Yesterday, CMS released additional guidance and tools for states and Medicaid stakeholders on resuming routine operations when the Medicaid continuous coverage provision is lifted at the end of the public health emergency (PHE). While the State Health Official (SHO) reinforces prior guidance, it also provides new content and emphasizes the importance of protecting enrollees from churn and periods of uninsurance during the unwinding period. As we continue to analyze the contents of the 46-page SHO letter and other tools, we wanted to share some highlights of the latest guidance.
The guidance provides more details about when states can begin to initiate renewals and when the unwinding time period concludes. States still have 12 full months to catch up on delayed renewals and changes in circumstances. What’s new is that the guidance indicates that states may initiate renewals starting two months before the end of the PHE but may not terminate coverage until the last day of the month in which the PHE ends. Such time could coincide with the Biden administration’s promise to give states a 60-day notice before the end of the PHE, if states are ready to start. CMS also notes that it generally takes states more than 30 days to complete a renewal. Thus, the guidance clarifies that the 12-month maximum unwinding period applies to “initiating” not “completing” renewals. Specifically, the last batch of renewals must be initiated no later than the 12th month after the first batch of renewals is initiated, but states will be given an additional two months to complete the last batch of renewals.
CMS makes it clear that even if a state chooses to forgo the enhanced federal Medicaid funding and begin disenrolling individuals before the end of the PHE, it must still comply with the guidance. All states are required to complete a full renewal and consider all eligibility pathways before terminating anyone’s Medicaid coverage. States will still be subject to data reporting requirements, monitoring by CMS, and potential oversight if eligible individuals lose coverage erroneously.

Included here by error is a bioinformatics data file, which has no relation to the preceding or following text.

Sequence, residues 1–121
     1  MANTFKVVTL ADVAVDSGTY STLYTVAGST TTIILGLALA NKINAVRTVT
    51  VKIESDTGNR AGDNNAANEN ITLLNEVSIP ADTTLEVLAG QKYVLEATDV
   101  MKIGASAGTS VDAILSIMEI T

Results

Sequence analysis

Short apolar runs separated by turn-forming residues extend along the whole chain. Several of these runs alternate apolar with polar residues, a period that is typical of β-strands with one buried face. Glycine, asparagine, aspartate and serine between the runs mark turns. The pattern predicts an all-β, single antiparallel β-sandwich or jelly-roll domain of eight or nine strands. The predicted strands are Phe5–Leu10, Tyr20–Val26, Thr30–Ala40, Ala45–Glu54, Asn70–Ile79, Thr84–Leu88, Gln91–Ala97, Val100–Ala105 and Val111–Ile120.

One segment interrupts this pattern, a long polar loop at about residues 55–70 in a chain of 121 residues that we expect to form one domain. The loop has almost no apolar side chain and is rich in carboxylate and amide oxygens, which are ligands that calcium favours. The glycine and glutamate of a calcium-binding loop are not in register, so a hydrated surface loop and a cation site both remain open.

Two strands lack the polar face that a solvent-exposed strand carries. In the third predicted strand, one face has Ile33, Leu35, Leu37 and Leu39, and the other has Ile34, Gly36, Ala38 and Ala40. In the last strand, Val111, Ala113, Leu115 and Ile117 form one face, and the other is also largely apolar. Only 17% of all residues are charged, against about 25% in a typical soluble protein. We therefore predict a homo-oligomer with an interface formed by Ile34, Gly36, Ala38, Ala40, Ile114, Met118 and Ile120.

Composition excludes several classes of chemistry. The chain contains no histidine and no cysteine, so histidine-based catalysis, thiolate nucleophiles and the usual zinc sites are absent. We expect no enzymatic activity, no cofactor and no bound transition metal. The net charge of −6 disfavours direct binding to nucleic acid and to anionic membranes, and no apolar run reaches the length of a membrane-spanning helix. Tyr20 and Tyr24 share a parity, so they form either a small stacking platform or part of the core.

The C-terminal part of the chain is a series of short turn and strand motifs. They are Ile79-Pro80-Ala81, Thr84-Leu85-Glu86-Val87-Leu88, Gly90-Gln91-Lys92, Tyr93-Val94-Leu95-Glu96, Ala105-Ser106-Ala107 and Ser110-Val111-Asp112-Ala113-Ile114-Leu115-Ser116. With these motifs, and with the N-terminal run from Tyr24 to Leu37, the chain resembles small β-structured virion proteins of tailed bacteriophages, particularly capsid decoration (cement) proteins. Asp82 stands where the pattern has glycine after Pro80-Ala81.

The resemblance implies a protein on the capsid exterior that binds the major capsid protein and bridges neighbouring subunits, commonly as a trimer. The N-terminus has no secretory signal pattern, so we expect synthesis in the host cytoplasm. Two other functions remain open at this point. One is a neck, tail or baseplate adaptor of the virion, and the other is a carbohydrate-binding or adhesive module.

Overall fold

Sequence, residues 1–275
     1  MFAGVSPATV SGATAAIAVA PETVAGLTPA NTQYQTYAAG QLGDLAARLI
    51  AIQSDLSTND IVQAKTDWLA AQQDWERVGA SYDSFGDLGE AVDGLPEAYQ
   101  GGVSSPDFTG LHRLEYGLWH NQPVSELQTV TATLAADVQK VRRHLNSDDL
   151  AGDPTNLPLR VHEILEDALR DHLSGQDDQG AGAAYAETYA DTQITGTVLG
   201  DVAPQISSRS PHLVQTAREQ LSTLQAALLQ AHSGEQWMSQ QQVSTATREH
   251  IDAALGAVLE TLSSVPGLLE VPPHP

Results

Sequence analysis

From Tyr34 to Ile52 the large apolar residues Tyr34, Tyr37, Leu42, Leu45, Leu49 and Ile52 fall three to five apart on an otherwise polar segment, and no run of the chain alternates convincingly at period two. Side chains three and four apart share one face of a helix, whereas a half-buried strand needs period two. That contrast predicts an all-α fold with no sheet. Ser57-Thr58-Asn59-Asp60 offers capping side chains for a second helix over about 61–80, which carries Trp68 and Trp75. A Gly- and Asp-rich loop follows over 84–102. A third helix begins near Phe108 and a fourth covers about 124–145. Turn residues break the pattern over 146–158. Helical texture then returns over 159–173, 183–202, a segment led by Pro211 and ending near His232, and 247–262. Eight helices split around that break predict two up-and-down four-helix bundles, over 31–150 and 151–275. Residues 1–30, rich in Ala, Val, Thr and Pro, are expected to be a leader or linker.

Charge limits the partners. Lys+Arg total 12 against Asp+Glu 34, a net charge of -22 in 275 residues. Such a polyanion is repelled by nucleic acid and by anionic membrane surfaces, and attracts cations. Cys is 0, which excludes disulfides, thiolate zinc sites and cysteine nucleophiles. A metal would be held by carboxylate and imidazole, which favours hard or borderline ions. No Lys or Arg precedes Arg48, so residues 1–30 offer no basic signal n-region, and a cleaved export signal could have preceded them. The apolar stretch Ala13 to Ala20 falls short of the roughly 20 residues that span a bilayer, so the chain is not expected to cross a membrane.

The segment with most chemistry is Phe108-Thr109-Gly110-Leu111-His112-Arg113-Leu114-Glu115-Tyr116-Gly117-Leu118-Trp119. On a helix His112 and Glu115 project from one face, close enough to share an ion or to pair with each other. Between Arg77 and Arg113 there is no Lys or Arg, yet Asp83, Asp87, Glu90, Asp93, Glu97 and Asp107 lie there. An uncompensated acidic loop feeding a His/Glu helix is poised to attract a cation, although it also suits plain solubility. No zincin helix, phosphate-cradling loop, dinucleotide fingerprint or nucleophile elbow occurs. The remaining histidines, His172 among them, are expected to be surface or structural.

The guidance emphasizes the importance of continuity of coverage and avoiding disenrollments due to procedural reasons. CMS recommends that states not initiate renewals for more than one-ninth of its caseload in any given month, and underscores the importance of pacing renewals to avoid future spikes in workload that will recur annually. The agency also reinforced the importance of taking a risk-based approach that prioritizes action on individuals who are more likely to be no longer eligible.
To monitor the unwinding, CMS will require states to report baseline data and additional data on a monthly basis for a minimum of 14 months. If states are not meeting timelines or the data indicates compliance issues, including potentially erroneous disenrollments of eligible individuals, states may be expected to report additional data and/or report data more frequently. CMS will provide a reporting template for states to use to report required data.
The guidance provides details on additional flexibilities for states to promote continuity of coverage. Section1902(e)(14)(A) allows the agency to grant waivers “as necessary to ensure that states establish income and eligibility determination systems that protect beneficiaries.” The agency details several ways this authority can be used, but indicated that other actions may be approved as long as the strategies protect enrollees and are associated with the unwinding period. Specific strategies detailed in the guidance include using recertification from the Supplemental Nutrition Assistance Program (SNAP) to renew Medicaid, how to address circumstances for people with $0 income, partnering with managed care organizations (MCOs) to update contact information, and extending the timeframe to take final action on fair hearing requests.
In Appendix B, CMS reiterates several strategies to promote continuity of coverage and mitigate churn. These include:
- adopting 12-month continuous eligibility,
- extending postpartum coverage to 12 months,
- improving ex parte renewal processes,
- aligning policies and procedures for dual eligibles and people with disabilities with MAGI i.e. standards used for income based eligibility determinations,
- using information from other programs like SNAP to renew eligibility, and
- modifying or suspending periodic data matching.
The appendix also encourages states to re-establish communications and outreach with enrollees by:
- updating contact information,
- expanding methods of communications with enrollees,
- updating notices and consumer-facing messages,
- review communications strategies for individuals with limited English proficiency and people with disabilities,
- utilizing MCOs and other stakeholders to conduct outreach, and
- engaging other stakeholders on an ongoing basis to identify opportunities to assist enrollees with updating their contact information and making sure that enrollees understand the need to respond to state notices and complete the renewal process.
In addition to the SHO, CMS updated a prior slide deck on working with MCOs, and released an updated eligibility and enrollment planning tool and a new communications toolkit. While much of the guidance reinforces what CMS has previously released, there is new emphasis on oversight and avoiding gaps in coverage, and the SHO identifies new flexibilities that can be used to protect enrollees during the unwinding period. This comes at a critical time as our recent report estimates that millions of children are at risk of losing coverage and becoming uninsured if states don’t approach the unwinding thoughtfully and take the time to get it right.